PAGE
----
Freedom Day: Congratulations From the Queen; Malema says Nothing to Celebrate

By Oliver Ngwenya    27-Apr-2014 04:13 UTC+02:00
Photo: SABC

Photo: SABC

As South Africa celebrates its twentieth anniversary as a democratic country, there is a lot of anticipation as to what the ruling party has got lined up for the celebrations they have earmarked for the whole country on Sunday.

To set the tone for these celebrations, the world’s oldest and most recognized monarch, Queen Elizabeth II, sent a congratulatory message to the head of government in South Africa, Jacob Zuma, in which she congratulated the country on attaining twenty years of democracy. She added that there has been a great and healthy relationship between her country, family and the South African government and she further expressed hope that this would continue into the future. Adding his name to the list of well wishers, the British Prime Minister David Cameron, reiterated the hope that the healthy relationship that exists between the two countries would continue into the foreseeable future.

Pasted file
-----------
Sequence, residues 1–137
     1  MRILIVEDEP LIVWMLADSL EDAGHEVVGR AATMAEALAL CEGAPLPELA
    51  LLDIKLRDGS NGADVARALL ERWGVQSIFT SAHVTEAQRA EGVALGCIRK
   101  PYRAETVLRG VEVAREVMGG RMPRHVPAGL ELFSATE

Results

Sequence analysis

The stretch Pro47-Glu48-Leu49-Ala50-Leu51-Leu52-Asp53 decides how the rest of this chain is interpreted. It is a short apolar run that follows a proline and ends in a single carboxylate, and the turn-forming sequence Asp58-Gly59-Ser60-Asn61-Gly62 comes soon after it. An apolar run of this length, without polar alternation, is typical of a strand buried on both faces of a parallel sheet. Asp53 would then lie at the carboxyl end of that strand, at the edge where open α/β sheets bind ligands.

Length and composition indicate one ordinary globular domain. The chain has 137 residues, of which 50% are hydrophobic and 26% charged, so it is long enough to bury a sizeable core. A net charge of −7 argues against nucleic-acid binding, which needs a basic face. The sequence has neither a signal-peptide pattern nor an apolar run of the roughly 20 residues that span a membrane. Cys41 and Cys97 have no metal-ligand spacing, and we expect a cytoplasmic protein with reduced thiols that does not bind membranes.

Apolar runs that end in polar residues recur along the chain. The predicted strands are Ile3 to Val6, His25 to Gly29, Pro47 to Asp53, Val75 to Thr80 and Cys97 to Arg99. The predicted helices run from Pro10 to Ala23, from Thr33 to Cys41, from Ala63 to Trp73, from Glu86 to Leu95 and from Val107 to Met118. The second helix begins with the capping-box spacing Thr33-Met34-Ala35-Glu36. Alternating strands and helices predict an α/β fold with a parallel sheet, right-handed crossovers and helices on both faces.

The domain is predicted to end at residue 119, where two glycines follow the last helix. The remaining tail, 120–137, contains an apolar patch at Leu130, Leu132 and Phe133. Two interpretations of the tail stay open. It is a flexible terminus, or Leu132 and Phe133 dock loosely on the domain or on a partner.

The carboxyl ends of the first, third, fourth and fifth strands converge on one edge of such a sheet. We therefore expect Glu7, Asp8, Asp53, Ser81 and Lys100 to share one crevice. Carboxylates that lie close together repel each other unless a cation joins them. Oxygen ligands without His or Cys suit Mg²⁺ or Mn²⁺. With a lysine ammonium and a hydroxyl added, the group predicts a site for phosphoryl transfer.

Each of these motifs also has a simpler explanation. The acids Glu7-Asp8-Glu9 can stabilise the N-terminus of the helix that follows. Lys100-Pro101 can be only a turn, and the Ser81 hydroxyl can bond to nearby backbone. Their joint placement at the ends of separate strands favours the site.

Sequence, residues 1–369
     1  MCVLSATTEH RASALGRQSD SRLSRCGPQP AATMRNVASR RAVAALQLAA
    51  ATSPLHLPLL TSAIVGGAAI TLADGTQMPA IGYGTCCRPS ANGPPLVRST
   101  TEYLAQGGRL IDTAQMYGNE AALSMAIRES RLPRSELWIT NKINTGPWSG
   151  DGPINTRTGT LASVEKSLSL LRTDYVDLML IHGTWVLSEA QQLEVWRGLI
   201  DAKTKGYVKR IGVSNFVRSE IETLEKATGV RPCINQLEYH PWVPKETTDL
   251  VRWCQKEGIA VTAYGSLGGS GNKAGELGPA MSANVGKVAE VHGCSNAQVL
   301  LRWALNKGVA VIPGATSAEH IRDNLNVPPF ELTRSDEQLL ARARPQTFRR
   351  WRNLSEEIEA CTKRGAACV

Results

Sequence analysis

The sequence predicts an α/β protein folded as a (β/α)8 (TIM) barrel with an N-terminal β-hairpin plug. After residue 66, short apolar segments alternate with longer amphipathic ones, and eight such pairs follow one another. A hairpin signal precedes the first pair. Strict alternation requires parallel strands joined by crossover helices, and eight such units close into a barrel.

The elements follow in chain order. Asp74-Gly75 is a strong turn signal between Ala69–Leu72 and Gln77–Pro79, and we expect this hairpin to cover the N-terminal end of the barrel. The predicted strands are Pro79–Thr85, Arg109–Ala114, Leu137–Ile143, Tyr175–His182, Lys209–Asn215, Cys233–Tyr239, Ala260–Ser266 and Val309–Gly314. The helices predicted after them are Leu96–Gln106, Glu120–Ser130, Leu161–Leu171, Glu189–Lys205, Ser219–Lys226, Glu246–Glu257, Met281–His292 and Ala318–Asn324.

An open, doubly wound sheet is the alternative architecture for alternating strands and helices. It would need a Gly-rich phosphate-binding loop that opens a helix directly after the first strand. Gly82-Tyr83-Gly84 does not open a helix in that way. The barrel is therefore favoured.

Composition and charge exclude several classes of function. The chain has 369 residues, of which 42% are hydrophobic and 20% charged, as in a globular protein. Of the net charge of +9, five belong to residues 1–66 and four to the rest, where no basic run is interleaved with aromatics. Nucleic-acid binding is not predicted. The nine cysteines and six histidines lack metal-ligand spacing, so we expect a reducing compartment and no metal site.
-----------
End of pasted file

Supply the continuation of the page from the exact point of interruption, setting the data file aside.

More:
However, things are not as rosy on the home front. Many have expressed discontent about the way the country is going of late. Leading this fight is the former ANC Youth League president and current leader of the Economic Freedom Fighters (EFF), Julius Malema. Known for his no holds barred stance against his former master and mentor, Zuma, Malema has characteristically not held back in his address at a rally in the Western Cape. Addressing his party’s rally in Mitchell’s Plain in the Western Cape on Saturday, Malema said that as long as the people did not have his dignity, then they had nothing to celebrate. He urged the supporters to stage a stay away from all the celebrations that had been lined up for the celebrations of two decades of democratic rule. He further cited the fact that most people in the rural areas did not have access to flushing toilets and that the EFF advert had been banned from being aired on national television. This, he said, showed that the country was not accommodating to democratic elections .

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